It doesn’t take much to make young people missionaries. Even those who are most frail, limited and troubled can be missionaries in their own way, for goodness can always be shared, even if it exists alongside many limitations.
A young person who makes a pilgrimage to ask Our Lady for help, and invites a friend or companion along, by that single gesture is being a good missionary. Inseparable from a “popular” youth ministry is an irrepressible “popular” missionary activity that breaks through our customary models and ways of thinking. Let us accompany and encourage it, but not presume to overly regulate it.
If we can hear what the Spirit is saying to us, we have to realize that youth ministry is always missionary. Young people are greatly enriched when they overcome their reticence and dare to visit homes, and in this way make contact with people’s lives. They learn how to look beyond their family and their group of friends, and they gain a broader vision of life. At the same time, their faith and their sense of being part of the Church grow stronger. Youth missions, which usually take place during school holidays after a period of preparation, can lead to a renewed experience of faith and even serious thoughts about a vocation.
Young people can find new fields for mission in the most varied settings. For example, since they are already so familiar with social networks, they should be encouraged to fill them with God, fraternity and commitment.
Young people need to have their freedom respected, yet they also need to be accompanied. The family should be the first place of accompaniment. Youth ministry can present the ideal of life in Christ as the process of building a house on rock (cf. Mt 7:24-25). For most young people, that house, their life, will be built on marriage and married love. That is why youth ministry and the pastoral care of families should be coordinated and integrated, with the aim of ensuring a continuous and suitable accompaniment of the vocational process…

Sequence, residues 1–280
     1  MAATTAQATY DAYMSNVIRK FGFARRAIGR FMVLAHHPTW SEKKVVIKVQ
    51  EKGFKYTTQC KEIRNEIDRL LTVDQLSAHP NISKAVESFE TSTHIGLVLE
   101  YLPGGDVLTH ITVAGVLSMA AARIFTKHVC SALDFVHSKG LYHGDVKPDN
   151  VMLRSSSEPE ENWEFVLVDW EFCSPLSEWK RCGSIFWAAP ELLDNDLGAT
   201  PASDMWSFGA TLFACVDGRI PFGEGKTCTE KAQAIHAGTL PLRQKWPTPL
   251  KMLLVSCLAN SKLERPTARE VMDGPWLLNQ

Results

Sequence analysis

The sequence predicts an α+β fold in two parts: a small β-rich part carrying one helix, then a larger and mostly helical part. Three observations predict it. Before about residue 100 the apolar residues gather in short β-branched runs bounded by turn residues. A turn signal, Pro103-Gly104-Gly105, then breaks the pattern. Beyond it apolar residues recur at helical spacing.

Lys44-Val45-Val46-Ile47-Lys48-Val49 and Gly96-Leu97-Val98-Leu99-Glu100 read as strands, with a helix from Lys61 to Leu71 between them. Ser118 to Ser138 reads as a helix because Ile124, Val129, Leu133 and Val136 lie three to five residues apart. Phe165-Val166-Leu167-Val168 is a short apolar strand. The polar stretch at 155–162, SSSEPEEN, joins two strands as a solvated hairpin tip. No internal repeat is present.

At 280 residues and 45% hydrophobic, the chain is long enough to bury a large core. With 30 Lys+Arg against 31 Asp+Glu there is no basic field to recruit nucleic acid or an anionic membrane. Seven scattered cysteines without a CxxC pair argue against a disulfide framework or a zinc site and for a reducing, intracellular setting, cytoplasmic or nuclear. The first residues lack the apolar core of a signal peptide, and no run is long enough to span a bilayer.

The community has an important role in the accompaniment of young people; it should feel collectively responsible for accepting, motivating, encouraging and challenging them. All should regard young people with understanding, appreciation and affection, and avoid constantly judging them or demanding of them a perfection beyond their years.
There is also a special need to accompany young men and women showing leadership potential, so that they can receive training and the necessary qualifications. The young people who met before the Synod called for “programmes for the formation and continued development of young leaders. Some young women feel that there is a lack of leading female role models within the Church and they too wish to give their intellectual and professional gifts to the Church. We also believe that seminarians and religious should have an even greater ability to accompany young leaders”…
From Post-Synodal Apostolic Exhortation
“Christus Vivit” of Pope Francis
to Young people and to the Entire People of God